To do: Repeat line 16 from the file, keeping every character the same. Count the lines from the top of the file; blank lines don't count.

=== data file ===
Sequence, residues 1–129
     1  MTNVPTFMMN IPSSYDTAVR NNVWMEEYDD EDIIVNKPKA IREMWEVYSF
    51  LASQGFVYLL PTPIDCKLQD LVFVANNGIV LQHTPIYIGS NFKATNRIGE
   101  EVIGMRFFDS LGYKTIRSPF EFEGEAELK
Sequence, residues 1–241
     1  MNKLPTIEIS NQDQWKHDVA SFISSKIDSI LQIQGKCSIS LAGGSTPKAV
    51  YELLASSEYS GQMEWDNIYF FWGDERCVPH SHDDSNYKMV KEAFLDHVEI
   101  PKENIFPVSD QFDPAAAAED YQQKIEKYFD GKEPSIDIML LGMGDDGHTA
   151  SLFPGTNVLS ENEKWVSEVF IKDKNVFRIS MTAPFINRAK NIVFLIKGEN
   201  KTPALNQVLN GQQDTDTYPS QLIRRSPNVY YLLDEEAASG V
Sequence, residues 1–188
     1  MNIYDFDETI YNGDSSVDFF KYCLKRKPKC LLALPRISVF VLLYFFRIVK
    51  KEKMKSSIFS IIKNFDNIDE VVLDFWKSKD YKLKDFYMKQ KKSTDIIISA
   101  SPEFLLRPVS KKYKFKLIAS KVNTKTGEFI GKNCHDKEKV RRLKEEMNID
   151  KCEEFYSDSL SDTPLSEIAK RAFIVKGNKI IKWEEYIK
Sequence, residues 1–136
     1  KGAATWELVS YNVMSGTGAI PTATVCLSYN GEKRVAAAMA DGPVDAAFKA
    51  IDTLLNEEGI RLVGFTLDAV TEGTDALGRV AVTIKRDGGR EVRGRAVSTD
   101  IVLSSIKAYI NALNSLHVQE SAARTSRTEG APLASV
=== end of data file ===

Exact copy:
Sequence, residues 1–136